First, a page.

TCS Daily

The Quantum Bleep

By Kenneth Silber - September 17, 2004 12:00 AM

Quantum mechanics, the physics of the extremely small, is notoriously hard to visualize, but it could provide the material for a great film. Such a film would sketch out the counterintuitive phenomena and philosophical implications of the subatomic realm. It would draw on a range of expert opinion, use modern graphics to aid the audience's imagination, and give a sense of what quantum physics tells us about our world.

Unfortunately, a film that held promise of the above turns out to be a crashing disappointment. Titled What the Bleep Do We Know?, the movie segues from a misleading presentation of quantum mechanics into a sweeping and dubious argument for New Age philosophy. Although I have seen more than my share of bad movies lately, this film, the title of which is also spelled as What the #$*! Do We Know!?, is particularly worthy of cursed objections.

What the Bleep intertwines documentary, fiction and weird imagery. In its documentary mode, scientists and other seeming experts discuss various matters of science and philosophy. (These commentators are identified only at the end of the film, and they include J.Z. Knight, who claims to "channel" an ancient spirit named Ramtha.) The fictional mode traces a couple of days in the life of Amanda, a photographer living in Oregon. The weird imagery includes scenes reminiscent of Jodie Foster's trip through a space-time wormhole in the film Contact.

The movie opens with interviewees questioning the reality of the physical universe. We are conditioned to believe, says one talking head, that the external world is more real than the internal world of thoughts and perceptions -- but science shows the opposite to be true. What's being introduced here might be called the "consciousness interpretation" of quantum mechanics. A staple of popular books on the quantum, this view holds that physical objects exist in a superposition of multiple states -- indeed, that a cat might be neither dead nor alive but both -- until a conscious observer fixes her gaze on that object.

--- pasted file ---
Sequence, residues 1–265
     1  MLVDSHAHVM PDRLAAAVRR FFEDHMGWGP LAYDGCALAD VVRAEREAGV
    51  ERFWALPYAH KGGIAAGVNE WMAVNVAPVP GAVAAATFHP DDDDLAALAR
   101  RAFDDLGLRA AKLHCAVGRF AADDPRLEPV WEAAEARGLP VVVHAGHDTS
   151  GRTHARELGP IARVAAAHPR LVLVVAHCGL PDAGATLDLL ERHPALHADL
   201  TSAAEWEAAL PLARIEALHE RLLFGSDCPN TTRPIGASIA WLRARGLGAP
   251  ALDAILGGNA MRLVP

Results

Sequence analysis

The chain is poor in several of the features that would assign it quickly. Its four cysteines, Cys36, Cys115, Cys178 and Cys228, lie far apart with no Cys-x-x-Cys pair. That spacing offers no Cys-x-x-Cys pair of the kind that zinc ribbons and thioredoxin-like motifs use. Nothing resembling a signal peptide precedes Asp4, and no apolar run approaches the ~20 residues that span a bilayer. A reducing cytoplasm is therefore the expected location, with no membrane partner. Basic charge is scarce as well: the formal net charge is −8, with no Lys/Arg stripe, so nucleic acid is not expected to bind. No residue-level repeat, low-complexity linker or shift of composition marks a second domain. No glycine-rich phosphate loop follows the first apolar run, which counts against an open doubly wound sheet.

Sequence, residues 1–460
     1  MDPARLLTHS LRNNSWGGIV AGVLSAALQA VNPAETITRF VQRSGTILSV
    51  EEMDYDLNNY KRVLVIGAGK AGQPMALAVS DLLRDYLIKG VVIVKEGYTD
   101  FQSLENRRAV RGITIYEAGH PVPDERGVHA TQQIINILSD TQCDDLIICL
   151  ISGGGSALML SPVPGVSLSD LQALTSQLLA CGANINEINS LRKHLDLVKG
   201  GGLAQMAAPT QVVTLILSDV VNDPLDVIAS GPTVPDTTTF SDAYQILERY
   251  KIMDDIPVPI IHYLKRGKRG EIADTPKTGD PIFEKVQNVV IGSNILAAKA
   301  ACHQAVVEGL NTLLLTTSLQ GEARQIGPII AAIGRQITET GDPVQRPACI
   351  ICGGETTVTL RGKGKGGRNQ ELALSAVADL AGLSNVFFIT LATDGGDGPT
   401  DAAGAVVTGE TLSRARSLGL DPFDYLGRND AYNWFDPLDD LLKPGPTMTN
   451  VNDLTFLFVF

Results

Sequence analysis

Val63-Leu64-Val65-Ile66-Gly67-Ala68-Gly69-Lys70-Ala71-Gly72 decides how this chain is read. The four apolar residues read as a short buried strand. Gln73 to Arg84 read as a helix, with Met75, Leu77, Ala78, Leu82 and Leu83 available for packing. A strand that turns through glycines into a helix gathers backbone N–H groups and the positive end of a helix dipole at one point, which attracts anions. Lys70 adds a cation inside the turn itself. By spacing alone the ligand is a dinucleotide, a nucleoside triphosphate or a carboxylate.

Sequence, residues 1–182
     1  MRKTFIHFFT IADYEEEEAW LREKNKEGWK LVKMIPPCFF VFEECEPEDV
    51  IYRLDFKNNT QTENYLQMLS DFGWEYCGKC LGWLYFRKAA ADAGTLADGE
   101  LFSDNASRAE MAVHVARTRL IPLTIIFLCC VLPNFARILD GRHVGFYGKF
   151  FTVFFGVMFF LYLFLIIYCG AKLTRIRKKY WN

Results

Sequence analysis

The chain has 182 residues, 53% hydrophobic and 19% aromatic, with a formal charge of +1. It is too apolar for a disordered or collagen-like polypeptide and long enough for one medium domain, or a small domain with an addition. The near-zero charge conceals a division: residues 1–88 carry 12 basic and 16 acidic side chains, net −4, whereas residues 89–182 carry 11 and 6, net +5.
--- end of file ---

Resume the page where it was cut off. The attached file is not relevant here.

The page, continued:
But few physicists believe in the consciousness interpretation. Mainstream physics holds that superposition is normally limited to subatomic particles, not macroscopic objects such as cats. Nor is consciousness required to bring the fuzzy quantum world into well-defined reality. Rather, according to many physicists, the interaction of particles with other particles in their environment knocks them out of the delicate state of superposition. That mainstream view gets an oblique mention from one interviewee in What the Bleep, but this is quickly lost amid suggestions that via quantum physics we "create" the world.

Soon we are thrust into the story of Amanda. She is unhappy, ominously reaching for prescription pills. She also happens to be deaf (and is played by deaf actress Marlee Matlin). Amanda's marriage was a disaster; her husband Bob flirted brazenly with other women during the wedding ceremony and was soon caught cheating. Not surprisingly, Amanda hates assignments to photograph weddings. She also recoils from a friendly hug from her roommate Jennifer.

Amanda dreams of a shaman, and we are informed -- dubiously -- that the Caribbean natives visited by Columbus at first could not see his ships because they did not believe such ships were possible (until this shaman inferred their existence from patterns in the water). Amanda's day grows weirder. As she walks to work, a cheerful kid with a basketball insists that she shoot some hoops, and soon we see the basketball as a superposition of multiple balls. The kid pulls out a comic book titled "Dr. Quantum" and smilingly asks her "How far down the rabbit hole do you want to go?"

Pretty far, it turns out. Before long, we are informed that thoughts can change the molecular structure of water, and that group meditation brought a vast drop in Washington D.C.'s crime rate. Moreover, traditional religion, as well as scientific materialism, is wrong, the talking heads inform us. God is not an entity that judges people; rather, we are all God, and good and evil do not exist. We see a priest and altar, for Amanda is now photographing a wedding. At this increasingly hallucinatory event, she sees animated figures of brain cells and chemicals. The old Robert Palmer song "Addicted to Love" is suddenly being played by musician-shaped blobs of protoplasm.

What all this has to do with quantum mechanics is anybody's guess. But somehow it leads to a newly happy Amanda, who paints pictures of hearts and flowers all over her body after taking a bath. At a theater, she sees copies of herself, one of which has a new boyfriend, and the different Amandas gaze meaningfully at each other. She soon sees herself wearing a sandwich board that advertises burgers on the front but on the back says "Make known the unknown." That, unfortunately, is a goal this movie does not fulfill.


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